Nan-e berenji

Nan-e berenji (Persian: نان برنجي), also called shirini berenji, is an Iranian rice-flour cookie originating from Kermanshah.[1] Nan-e berenji literally translates to "rice bread". It is often flavored with cardamom, garnished with poppy seeds and formed into flat disks. They are usually white, but sometimes tinted yellow.[2]

Nan-e Berenji
Nan berenji.jpg
Place of origin Iran
Region or stateKermanshah
Main ingredientsRice flour, Sugar, Egg, Cardamom, Clarified butter

Seven SweetsEdit

According to legend, King Jamshid discovered sugar on the Persian new year, Nowruz. Therefore, there is the custom to celebrate Nowruz with seven sweet foods, in addition to the traditional other 7 foods at the Haft-sin.[3] The seven sweets are:

  • noghl, sugar-coated almonds
  • Persian baklava, pistachio almond pastry
  • nan-e berenji, rice cookies
  • nan-e badami, almond cookies
  • nan-e nokhodchi, chick-pea cookies
  • sohan asali, honey almonds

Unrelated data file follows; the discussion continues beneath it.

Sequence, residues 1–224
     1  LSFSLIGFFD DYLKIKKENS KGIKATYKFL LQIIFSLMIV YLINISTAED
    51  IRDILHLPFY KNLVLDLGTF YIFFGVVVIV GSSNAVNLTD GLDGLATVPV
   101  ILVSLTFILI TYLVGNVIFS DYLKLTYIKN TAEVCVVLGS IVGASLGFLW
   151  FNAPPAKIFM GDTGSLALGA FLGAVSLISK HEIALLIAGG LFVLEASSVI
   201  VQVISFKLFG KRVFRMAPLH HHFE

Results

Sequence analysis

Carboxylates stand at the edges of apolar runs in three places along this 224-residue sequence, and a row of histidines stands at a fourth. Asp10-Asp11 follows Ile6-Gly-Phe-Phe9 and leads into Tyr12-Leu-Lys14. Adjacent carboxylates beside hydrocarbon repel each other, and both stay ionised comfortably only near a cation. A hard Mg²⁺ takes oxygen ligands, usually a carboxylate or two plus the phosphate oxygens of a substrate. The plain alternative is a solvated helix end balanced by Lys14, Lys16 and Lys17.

• nan-e gerdui, walnut cookies

The history of Nan-e BerenjiEdit

Nan-e berenji dates back 150 years ago during the Qajar period. Travelers and pilgrims to and from Kermanshah on the Silk Road were looking for specific food which would last longer and also contain nutrients. In response, locals made sweets with rice, which was the leading food of the travelers.[4]


  1. ^ Bāzargān, Ṣoḡrā (December 15, 1993). Cookies. Vol. VI (Last Revision: October 28, 2011 ed.). Encyclopædia Iranica. pp. 244–246.
  2. ^ Marks, Gil. (2010). Encyclopedia of Jewish food. Hoboken, N.J.: Wiley. ISBN 978-0-544-18631-6. OCLC 849738985.
  3. ^ "A Cookie for Every Country: Iran: Nan-e Nokhodchi". A Cookie for Every Country. Retrieved 2020-05-26.
  4. ^ "Nan-e Berenji - The Popular Souvenir Of Kermanshah". TAPPersia. 2021-02-17. Retrieved 2021-08-31.

External linksEdit